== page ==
to Bandung, Global History, and International Law (2017), the “Spirit of Bandung” “represents a position of hope against insurmountable stakes. [The conference] was not only about asserting independence against an imperial past and present; it was also about facing an uncertain future.” (Eslava

Nelson Maldonado-Torres, Mireille Fanon Mendès France, Jeong Eun Annabel We and Zandisiwe Radebe

Foundation. One major consideration in organizing the Rencontres was that a serious engagement with the legacy of Fanon’s insurgent practical-theoretical and aesthetic work or with the Bandung Spirit must foster the links between knowledge creation, artistic expression, and social change that are present in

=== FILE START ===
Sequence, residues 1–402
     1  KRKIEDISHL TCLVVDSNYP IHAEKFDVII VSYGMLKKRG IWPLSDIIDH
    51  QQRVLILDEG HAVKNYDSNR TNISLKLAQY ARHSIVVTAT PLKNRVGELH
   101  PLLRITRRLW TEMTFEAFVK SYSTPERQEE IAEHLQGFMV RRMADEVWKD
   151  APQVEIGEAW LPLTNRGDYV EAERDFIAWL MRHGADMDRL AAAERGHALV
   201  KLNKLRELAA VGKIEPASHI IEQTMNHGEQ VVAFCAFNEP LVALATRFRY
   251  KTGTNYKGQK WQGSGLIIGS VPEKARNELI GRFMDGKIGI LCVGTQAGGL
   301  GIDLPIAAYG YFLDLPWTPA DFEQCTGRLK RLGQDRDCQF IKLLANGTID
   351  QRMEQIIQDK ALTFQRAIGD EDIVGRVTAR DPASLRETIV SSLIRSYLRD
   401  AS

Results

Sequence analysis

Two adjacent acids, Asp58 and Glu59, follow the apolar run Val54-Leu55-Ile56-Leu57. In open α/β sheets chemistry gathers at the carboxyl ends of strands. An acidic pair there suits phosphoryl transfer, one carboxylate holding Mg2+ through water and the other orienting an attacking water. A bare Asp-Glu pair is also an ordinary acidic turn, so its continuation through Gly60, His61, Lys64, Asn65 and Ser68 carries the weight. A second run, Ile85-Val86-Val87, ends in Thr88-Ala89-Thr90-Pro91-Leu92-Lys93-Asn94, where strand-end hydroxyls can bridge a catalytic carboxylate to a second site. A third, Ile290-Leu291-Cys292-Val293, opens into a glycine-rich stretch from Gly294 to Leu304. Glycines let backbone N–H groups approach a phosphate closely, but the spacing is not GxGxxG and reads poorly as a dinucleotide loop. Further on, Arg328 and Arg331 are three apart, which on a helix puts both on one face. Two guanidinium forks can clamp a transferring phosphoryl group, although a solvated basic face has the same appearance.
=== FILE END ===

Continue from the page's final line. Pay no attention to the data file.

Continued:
Jun Pan

these political activities are now presented on media platforms in forms of texts, videos, audio recordings, etc. As a result, growing attention has been paid to the study of political discourse in the media, with the view of even merging it with media discourse ( Fetzer & Lauerbach 2007 ; Fetzer 2013b

Robbie Shilliam

1 Introduction 1 The final communique of the Bandung conference presented a new spirit for world affairs. Decrying racism, colonialism, and dependency upon the great powers of the East and West, the participants endorsed equality, self-determination, and co-operation especially between Asian

Jeong Eun Annabel We

perspective of recruiting the formerly colonized countries into the folds of anti-communism ( Fitzgerald 1955 , 118–119). Other commentators saw the need to critically reassess the present through the conference’s initial outlook. For the thirty-year retrospective on the Bandung conference in 1985, one Indian